Common Interview mistakes – Candidate
A great CV is what got you invited to the interview. You can be assured that all your references have been checked. To be invited to an interview is exciting. Here are a few common mistakes made during the interview process which could jeopardize our dream job.
- You have not prepared for the interview
Being unprepared for an interview is like going to war without a gun, you will not “survive”, in the figurative sense of course. It is essential to have a copy of your CV on hand should the interviewer ask for it.
Proper research on the company you are applying to will give you an understanding of how your values compare with theirs. Is this an organisation you can align yourself with? Highlight your skills, relevant knowledge and convince the interviewer that you can be an asset to their organisation .
You need to stand out from the crowd. Your passion for the industry in which you are applying (e.g. Veterinary) should be evident to allow the employer to visualise you in the position.
- Not dressing the part
DRESS TO IMPRESS! I can not stress enough the importance of proper grooming.
You only have a few seconds to make a good first impression. Ensure that you are dressed appropriately, properly groomed and friendly (not overly though). If you look good, you will feel good and your confidence levels will be elevated.
Avoid too much makeup, hair spray and perfume. If you are a smoker, it is best to ensure you don’t indulge just before the interview.
- Poor body language
Although you may be dressed to impress, if your body language shows that you are uninterested or need to be somewhere else, all may be lost. Look confident, stay relaxed and ensure regular eye contact with your interviewer. Greet with a firm handshake and sit with a good posture. Try not to show that you are nervous by.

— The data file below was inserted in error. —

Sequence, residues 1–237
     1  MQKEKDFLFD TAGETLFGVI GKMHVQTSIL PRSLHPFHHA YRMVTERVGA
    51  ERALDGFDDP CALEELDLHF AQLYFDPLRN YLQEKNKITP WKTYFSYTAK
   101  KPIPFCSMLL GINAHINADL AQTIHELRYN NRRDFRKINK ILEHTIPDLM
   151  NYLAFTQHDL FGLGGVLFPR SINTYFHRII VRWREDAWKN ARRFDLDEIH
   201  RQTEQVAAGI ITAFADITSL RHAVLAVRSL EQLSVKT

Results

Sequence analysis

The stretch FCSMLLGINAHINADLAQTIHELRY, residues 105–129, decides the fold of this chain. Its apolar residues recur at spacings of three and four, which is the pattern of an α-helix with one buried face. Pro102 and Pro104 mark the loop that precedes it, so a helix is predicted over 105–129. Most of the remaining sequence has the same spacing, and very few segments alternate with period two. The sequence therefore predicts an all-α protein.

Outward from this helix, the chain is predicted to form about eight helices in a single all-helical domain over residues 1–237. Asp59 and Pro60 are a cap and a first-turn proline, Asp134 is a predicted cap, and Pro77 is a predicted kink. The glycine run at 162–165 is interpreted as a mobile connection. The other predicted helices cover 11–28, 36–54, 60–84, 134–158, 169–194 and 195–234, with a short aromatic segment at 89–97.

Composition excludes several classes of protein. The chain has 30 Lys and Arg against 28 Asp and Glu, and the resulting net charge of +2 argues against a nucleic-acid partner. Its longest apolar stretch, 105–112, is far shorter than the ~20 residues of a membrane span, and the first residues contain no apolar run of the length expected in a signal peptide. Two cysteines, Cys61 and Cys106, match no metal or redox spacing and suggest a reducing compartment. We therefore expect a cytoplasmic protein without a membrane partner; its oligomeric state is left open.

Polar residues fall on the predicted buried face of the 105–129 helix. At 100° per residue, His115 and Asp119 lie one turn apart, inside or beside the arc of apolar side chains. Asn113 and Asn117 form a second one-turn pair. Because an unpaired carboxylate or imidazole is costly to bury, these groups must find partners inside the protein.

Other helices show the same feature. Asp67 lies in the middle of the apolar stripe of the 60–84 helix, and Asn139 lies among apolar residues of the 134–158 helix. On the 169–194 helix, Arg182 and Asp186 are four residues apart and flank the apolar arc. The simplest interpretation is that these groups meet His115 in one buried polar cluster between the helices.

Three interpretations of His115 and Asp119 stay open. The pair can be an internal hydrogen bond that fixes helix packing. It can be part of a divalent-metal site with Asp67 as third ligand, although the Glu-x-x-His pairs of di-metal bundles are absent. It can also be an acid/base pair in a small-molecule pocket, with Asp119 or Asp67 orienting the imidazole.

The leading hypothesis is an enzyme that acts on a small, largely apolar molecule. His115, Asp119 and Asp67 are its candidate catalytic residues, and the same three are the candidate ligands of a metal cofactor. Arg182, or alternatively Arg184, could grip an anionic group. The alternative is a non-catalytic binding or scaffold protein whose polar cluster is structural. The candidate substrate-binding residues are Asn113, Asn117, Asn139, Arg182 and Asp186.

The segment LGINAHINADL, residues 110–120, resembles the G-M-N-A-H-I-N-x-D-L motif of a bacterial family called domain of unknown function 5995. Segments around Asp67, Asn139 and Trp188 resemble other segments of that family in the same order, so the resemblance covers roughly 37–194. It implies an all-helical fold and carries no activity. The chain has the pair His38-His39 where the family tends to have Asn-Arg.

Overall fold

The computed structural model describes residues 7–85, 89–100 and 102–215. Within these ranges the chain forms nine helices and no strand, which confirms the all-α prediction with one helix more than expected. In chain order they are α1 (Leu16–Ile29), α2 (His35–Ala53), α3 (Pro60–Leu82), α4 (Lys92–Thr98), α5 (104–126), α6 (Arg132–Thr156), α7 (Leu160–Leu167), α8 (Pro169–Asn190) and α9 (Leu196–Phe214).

- Not Punctual
Arrive a few minutes early – experts recommend about 10 minutes prior to the scheduled time This indicates that you're organised, reliable and eager. In addition, it allows you to take some time to compose yourself. Use the restroom and prepare for the impending conversation. It does not sit well with the interviewer if you are late and look flustered.
You may be tempted to arrive very early, but don't as it may inconvenience your interviewer. Ensure that you know exactly where to go, who you will meet, and what you need to take along.
- Using your cell phone
Use of a cell phone during an interview is an absolute NO NO!. Don’t even have it out as it may be distracting and seem rude if to the interviewer. Ensure it is on silent mode not to interrupt the interview. If you need to take notes, use old-fashioned pen and paper.
- Criticising past employers
Nothing screams bad attitude like negatively criticising your current or previous employers. The interviewer will certainly wonder what you will say about him/her or the company when given the opportunity.
Experts have said that bringing up the salary conversation too early puts you in a negative negotiating position. Rather wait until you have been offered the position before discussing the salary and benefits. You do not want the interviewer to think that you are only interested in the benefits and perks. However, when the topic is raised you should be prepared to discuss your salary expectations.
- Time for questions
When offered the opportunity to pose questions to the interviewer, try not to ask questions that have obvious answers and similarly a lack of questions may show disinterest.
Most interviewers will conclude the interview by asking “Do you have any questions for me?” Not making use of this opportunity is a fatal mistake. It may send a message that you are not particularly interested or that you are so arrogant to think that you know all there is to know about the company.
It is recommended to ask questions throughout the interview in to keep the conversation flowing.
- Pointless information
Telling rambling stories wastes the interviewer's time and decreases the opportunity to address your key concerns during the conversation. Good communication skills are necessary for most positions. The interviewer is likely to assess your ability to speak with clarity and brevity during the interview.